Eyes on the Fed - June 17, 2019
The Federal Reserve’s two-day meeting concludes on Wednesday. A recent shift in the Fed’s stance, hinting it is open to rate cuts to support the economy, has aided investor sentiment.
That said, most observers don’t believe Wednesday’s meeting will end with a cut in the fed funds rate, which is at 2.25-2.50%. Recent data are not signaling an emergency cut in rates is needed.
On Friday, the government reported retail sales rose a respectable 0.5% in May, and April’s numbers were revised significantly higher.
In turn, the Atlanta Fed’s Q2 GDPNow model boosted its estimate of growth from 1.5% to 2.1% (as of June 14 per the Atlanta Federal Reserve).
So, let’s take a stab at how the Fed may frame the situation going forward. For starters, we may see a shift in the Fed’s language. Fed Chief Jerome Powell’s June 4 comment, “We will act as appropriate to sustain the expansion,” might be inserted into the statement. It’s the Fed’s way of saying it is willing to cut interest rates if needed.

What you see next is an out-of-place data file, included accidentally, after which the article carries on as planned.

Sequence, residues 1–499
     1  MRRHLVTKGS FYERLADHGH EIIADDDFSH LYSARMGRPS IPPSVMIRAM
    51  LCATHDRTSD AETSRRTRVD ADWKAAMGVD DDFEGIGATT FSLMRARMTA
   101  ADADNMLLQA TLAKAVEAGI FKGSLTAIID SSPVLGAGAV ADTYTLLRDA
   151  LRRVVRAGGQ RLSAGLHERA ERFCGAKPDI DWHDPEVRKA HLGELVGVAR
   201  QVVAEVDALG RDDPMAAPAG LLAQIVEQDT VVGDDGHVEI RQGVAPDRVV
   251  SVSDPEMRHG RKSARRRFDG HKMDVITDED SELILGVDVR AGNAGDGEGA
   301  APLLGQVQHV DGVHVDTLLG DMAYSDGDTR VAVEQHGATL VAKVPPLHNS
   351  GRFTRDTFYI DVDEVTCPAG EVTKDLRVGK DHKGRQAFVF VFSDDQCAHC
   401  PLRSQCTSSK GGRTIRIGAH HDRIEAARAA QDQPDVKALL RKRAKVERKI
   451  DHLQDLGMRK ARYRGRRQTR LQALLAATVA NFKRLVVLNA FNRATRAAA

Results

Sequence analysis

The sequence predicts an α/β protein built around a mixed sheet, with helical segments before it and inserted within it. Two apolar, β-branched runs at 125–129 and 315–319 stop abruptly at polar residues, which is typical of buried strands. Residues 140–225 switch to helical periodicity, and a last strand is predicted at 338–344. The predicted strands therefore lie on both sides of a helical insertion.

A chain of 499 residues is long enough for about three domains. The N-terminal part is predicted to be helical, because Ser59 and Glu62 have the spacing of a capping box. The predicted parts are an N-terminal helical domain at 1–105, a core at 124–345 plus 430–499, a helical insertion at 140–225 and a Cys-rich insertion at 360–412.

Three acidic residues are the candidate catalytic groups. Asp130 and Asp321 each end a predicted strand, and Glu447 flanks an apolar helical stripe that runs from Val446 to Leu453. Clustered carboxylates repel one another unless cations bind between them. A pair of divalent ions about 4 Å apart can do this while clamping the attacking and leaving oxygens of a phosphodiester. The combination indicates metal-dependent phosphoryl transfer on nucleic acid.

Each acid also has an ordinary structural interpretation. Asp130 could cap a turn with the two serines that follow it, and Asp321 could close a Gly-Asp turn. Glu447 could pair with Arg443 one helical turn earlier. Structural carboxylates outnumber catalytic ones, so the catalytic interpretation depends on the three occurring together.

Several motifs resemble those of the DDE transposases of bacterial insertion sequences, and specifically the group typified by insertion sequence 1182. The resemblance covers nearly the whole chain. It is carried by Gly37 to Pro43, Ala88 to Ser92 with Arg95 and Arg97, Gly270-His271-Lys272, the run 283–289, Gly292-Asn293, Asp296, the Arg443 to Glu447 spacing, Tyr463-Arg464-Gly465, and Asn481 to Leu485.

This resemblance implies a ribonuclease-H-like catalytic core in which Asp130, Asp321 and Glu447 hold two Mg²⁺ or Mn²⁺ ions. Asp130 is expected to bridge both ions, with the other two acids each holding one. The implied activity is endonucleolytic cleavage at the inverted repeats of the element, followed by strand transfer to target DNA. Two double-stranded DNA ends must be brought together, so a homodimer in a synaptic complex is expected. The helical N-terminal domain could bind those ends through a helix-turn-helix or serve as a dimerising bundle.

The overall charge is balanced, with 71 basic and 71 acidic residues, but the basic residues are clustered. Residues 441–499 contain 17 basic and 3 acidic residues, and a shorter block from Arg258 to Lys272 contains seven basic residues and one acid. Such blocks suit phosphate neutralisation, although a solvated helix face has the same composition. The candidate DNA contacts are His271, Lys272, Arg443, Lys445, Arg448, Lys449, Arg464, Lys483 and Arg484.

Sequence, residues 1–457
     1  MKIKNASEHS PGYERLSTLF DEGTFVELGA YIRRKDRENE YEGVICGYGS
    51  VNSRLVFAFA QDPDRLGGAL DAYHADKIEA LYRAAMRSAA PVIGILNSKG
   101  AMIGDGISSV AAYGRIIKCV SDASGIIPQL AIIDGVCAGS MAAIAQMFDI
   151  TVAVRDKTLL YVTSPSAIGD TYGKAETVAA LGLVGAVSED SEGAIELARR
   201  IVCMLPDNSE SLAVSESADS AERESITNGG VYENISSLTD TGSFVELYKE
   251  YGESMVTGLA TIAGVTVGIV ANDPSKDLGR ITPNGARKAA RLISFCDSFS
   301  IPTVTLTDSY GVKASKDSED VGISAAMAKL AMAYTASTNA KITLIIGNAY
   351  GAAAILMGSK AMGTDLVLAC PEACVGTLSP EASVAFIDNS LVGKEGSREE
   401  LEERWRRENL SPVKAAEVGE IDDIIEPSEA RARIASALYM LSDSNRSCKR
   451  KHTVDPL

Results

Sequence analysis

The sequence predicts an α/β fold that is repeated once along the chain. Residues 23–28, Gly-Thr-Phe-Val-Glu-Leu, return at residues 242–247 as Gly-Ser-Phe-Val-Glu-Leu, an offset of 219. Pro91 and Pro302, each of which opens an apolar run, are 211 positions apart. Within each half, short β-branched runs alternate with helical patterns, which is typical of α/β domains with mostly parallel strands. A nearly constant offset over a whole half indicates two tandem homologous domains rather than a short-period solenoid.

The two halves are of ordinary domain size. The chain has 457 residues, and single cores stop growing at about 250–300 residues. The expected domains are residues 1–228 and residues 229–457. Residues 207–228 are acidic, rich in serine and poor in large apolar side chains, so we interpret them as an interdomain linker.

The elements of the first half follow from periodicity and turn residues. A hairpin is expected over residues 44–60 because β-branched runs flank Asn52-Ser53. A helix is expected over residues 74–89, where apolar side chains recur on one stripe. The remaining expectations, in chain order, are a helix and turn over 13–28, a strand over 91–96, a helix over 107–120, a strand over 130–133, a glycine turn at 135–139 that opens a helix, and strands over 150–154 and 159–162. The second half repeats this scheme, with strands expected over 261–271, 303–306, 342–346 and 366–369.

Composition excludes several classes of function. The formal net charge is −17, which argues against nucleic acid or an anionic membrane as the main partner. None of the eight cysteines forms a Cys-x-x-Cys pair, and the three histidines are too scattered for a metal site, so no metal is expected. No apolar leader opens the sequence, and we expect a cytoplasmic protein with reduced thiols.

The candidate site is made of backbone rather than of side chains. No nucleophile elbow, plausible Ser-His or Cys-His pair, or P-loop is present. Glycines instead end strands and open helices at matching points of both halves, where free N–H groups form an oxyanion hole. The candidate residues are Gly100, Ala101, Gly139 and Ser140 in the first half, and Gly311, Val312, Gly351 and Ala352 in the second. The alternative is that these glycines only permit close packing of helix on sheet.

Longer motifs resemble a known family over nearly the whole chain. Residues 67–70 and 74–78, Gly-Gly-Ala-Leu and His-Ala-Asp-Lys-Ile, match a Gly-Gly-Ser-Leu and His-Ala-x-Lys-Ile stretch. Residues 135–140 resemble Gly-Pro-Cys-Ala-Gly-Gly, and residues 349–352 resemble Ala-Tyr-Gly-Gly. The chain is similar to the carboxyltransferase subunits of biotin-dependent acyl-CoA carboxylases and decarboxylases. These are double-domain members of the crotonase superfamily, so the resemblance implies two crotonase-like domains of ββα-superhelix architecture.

But, will the Fed wait for the economy to show significant cracks before it acts? Or might it opt for an “insurance” cut(s)? During 1995 and 1998, the Fed lowered rates as a precaution.
Today, the trade situation’s overall impact on economic activity is uncertain. It weighs on business confidence. But how that may hamper business spending is difficult to model, as there aren’t any modern historical precedents to follow. Precautionary moves might be in order.
A closely followed gauge put out by the CME Group currently places odds of a July rate cut at almost 90% (as of June 14; note: probabilities can change without notice).
Possible market reaction to an easing by the Fed
The graphic below illustrates how the S&P 500 Index performed after the Fed implemented its first rate cut during the last nine rate-cut cycles dating back to 1974 – from 1 month to 12 months after the first reduction in the fed funds rate.
The median return one-year later: 20.8% when the economy did not enter a recession (4 instances). When a recession ensued (5 instances), rate cuts did little to prop up shares.
Historically, the data tells us that investors found little temporary solace in falling rates when a profit-killing recession ensued. But lower interest rates, coupled with economic growth, have historically aided stocks.